To receive a verbal update from Andrea Clemons, Head of Community Safety.
Andrea Clemons, Head of Community Safety presented this report and highlighted the following:
1. Andrea Clemons would be talking about the strategic priorities for Enfield and for Enfield as part of London moving forward.
2. Under the last administration (Mayor’s Office), seven crime types were measured. With the new administration, there are a new suite of priorities. The strategy is presented with a more outcome focussed plan.
3. The Mayor of London’s web site details the plan, sets out the intention and the areas the new Mayor of London would like to work in.
4. The new plan includes the following areas:
· Tackling violence against women and girls.
· Standing together against hatred and intolerance.
· A better Police service for London.
· A better criminal justice service for London.
· Keeping children and young people safe.
5. MOPAC had asked the unit to choose 3 local priorities and these were:
· Anti-social behaviour
· Violence with injuries
Also 3 main priorities to contribute to London:
· Tackling violence against women and girls.
· Working to keep children and young people safe.
· Standing together against hatred intolerance and extremism.
6. The unit has put a bid in for funding from MOPAC and the application is for just over £500K per year totalling £1,029M. The funding will enable the unit to purchase services to tackle drugs, to improve the lives of young people, to tackle prostitution via work to deter kerb crawlers to cut off demand for street based prostitution and tackling violence against women and girls.
The following questions were taken:
Q: You spoke about your aims, but how will you achieve your aims i.e. tackling prostitution, youth violence?
A: Locally we have focussed in placing police officers into particular areas such as the Fore Street corridor who are making arrests of working girls. Who have recently tended to be young eastern European women driven by the economics of the crime rather than another motivation although this is based on known cases.
There have been 59 arrests of prostitutes in the last 3 months and the unit now want to focus on kerb crawlers. Kerb crawlers will be offered the opportunity to reduce their penalty by learning about the negative side about people working as prostitutes’ i.e. sexual health, violence, in order to deter men from going to buy that service. This was about behavioural change.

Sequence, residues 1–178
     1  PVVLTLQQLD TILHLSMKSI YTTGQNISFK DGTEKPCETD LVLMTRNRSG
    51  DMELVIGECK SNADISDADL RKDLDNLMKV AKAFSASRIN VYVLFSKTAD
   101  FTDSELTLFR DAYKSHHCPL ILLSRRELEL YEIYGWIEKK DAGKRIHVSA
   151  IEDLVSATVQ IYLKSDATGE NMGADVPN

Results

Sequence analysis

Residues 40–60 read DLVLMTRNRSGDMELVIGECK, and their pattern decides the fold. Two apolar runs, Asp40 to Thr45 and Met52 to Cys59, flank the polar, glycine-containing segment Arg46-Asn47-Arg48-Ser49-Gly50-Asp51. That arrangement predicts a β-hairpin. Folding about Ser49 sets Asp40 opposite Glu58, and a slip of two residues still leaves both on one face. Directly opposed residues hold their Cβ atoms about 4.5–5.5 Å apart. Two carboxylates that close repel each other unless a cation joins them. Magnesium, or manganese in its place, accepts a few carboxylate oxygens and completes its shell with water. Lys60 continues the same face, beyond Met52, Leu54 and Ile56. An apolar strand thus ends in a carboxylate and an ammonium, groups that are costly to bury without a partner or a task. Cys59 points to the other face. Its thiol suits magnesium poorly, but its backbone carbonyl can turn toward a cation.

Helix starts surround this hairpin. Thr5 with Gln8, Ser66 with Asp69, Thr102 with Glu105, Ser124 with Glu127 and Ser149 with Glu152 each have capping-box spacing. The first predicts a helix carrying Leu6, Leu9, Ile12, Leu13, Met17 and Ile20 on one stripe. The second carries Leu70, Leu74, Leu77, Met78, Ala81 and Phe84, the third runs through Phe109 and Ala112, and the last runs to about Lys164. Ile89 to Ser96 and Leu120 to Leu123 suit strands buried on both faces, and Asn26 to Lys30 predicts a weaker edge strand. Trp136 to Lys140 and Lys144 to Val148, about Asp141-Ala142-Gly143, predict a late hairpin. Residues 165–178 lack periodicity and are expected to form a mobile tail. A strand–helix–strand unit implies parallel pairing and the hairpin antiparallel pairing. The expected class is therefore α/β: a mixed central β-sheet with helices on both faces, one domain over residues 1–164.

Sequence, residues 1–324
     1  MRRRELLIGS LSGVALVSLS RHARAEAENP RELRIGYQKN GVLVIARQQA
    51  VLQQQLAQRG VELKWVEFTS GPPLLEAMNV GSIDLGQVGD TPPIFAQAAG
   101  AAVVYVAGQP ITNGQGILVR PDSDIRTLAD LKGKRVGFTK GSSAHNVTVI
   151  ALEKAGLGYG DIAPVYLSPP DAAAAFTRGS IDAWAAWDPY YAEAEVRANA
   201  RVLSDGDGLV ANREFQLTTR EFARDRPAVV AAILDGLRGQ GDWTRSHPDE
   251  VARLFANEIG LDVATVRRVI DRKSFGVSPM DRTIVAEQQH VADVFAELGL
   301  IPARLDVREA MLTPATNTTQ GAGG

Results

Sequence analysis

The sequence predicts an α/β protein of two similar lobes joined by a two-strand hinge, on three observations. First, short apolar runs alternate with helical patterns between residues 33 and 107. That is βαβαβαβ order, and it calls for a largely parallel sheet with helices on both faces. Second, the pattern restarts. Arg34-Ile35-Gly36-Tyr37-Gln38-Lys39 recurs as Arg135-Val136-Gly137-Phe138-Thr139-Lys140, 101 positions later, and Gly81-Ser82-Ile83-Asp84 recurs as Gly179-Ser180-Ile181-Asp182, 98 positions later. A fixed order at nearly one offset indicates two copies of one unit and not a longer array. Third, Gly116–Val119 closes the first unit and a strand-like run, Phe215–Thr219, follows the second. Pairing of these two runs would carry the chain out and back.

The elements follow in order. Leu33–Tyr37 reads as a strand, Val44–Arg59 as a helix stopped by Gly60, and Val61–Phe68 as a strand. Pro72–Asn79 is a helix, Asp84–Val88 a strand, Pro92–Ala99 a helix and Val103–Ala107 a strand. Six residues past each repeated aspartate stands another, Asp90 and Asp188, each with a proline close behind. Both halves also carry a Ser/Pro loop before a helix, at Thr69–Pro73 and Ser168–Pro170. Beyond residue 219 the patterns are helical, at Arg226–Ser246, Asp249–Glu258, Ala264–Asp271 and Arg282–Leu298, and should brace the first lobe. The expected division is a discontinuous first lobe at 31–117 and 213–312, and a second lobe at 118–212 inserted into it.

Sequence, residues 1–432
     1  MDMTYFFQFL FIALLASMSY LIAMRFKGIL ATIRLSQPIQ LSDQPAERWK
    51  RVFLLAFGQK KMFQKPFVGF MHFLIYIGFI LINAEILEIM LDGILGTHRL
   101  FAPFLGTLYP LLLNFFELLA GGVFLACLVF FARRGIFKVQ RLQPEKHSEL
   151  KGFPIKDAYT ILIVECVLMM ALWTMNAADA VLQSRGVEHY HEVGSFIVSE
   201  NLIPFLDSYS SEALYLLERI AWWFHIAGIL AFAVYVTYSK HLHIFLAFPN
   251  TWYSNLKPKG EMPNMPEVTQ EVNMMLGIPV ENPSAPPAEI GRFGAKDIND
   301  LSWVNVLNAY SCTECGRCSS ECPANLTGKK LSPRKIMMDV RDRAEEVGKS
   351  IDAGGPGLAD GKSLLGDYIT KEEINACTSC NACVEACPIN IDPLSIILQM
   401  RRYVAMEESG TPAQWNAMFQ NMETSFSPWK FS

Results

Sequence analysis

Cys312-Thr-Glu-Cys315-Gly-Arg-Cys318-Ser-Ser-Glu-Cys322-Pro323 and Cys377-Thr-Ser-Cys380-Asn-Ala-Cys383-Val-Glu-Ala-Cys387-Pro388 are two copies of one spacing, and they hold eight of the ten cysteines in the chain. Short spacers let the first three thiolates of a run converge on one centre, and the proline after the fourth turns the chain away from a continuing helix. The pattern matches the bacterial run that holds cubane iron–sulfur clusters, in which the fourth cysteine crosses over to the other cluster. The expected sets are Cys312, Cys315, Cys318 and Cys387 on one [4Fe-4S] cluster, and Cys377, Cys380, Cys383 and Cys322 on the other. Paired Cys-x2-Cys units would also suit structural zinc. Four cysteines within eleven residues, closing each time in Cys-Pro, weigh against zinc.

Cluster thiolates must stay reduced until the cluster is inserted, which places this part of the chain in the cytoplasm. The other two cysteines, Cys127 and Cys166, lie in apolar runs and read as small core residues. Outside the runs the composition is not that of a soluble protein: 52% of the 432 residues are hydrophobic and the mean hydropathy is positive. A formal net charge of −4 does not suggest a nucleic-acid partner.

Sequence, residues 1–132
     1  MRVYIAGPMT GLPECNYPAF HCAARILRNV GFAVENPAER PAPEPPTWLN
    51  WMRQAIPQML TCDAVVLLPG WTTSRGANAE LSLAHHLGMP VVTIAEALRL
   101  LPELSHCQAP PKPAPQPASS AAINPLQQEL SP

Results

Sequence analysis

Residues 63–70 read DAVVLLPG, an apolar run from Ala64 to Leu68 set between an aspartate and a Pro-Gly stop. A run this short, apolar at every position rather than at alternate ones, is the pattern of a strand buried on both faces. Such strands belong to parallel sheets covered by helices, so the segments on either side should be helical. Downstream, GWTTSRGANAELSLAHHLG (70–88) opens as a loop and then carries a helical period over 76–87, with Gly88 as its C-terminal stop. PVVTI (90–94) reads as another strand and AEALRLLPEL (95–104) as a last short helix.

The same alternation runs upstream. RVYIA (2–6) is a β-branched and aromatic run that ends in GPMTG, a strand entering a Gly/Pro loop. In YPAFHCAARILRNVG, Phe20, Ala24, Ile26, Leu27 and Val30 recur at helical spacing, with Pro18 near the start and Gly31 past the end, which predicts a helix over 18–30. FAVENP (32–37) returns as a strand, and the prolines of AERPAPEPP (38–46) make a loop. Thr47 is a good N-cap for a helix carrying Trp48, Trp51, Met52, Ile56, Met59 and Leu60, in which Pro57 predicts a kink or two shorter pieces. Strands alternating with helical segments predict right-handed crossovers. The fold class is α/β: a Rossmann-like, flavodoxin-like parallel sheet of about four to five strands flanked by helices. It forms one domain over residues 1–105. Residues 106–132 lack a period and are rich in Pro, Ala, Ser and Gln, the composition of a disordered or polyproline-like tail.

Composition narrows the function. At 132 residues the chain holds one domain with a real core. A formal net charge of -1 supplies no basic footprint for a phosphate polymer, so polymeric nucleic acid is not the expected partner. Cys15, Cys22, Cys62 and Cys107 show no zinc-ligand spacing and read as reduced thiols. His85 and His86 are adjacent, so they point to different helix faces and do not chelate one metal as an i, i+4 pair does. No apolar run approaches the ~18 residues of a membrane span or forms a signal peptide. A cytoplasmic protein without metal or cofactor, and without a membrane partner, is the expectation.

Q: You mainly focussed on the working girls. Do you ever investigate if there are any causes i.e. any other person involved in their exploitation?
A: Yes, the police do investigate when those girls are arrested. The unit works with immigration and anti-social behaviour officers. The girls are questioned and assessed to see if there are other person’s involved i.e. pimp. This was hard to determine as the girls, when questioned, said that they were making a lot of money which would support them for a long time back home. This was an economic fact.
Q: Does prostitution occur because the girls haven’t got a job? Is there any way of finding jobs for them because if its money they are looking for would it stop them?
A: Women enter the country and within a day have been seen in that area engaging in prostitution. It appears that they are deliberately coming to that area, planning this from their home countries and is therefore difficult to deter. Even if job offers were available it is not clear whether a job offer would be something that is attractive to them.
Q: These women need to be educated, after their arrest, to show them how much damage they do.
A: It is difficult to gauge when to provide that education and so may be better delivered in their home town or country before they set out to come to Enfield. As mentioned, offenders are invited to Impact Awareness sessions to examine the impact of their actions.
Q: Who brings the girls into prostitution? There are people who are engineering this service, dropping women off and returning to collect monies.
A: All car registration plates caught on CCTV are sent to the Police to be investigated and reported.
Q: What is the success rate in convictions, using registration numbers’, of the perpetrators’ trafficking these women?
A: Not aware of prosecutions for trafficking or evidence for trafficking, but have sent letters to registered keepers of those vehicles seen in those areas. Depends on the level of evidence and to dis-courage drivers.
Q: Is the advice to residents, if they see prostitution going on, to call the police?
A: Yes definitely. There are increased patrols around Council housing estates in those areas and agreed extra police numbers. The estates team work closely with ward officers and safer neighbourhood areas to deter and discourage prostitution and to make arrests.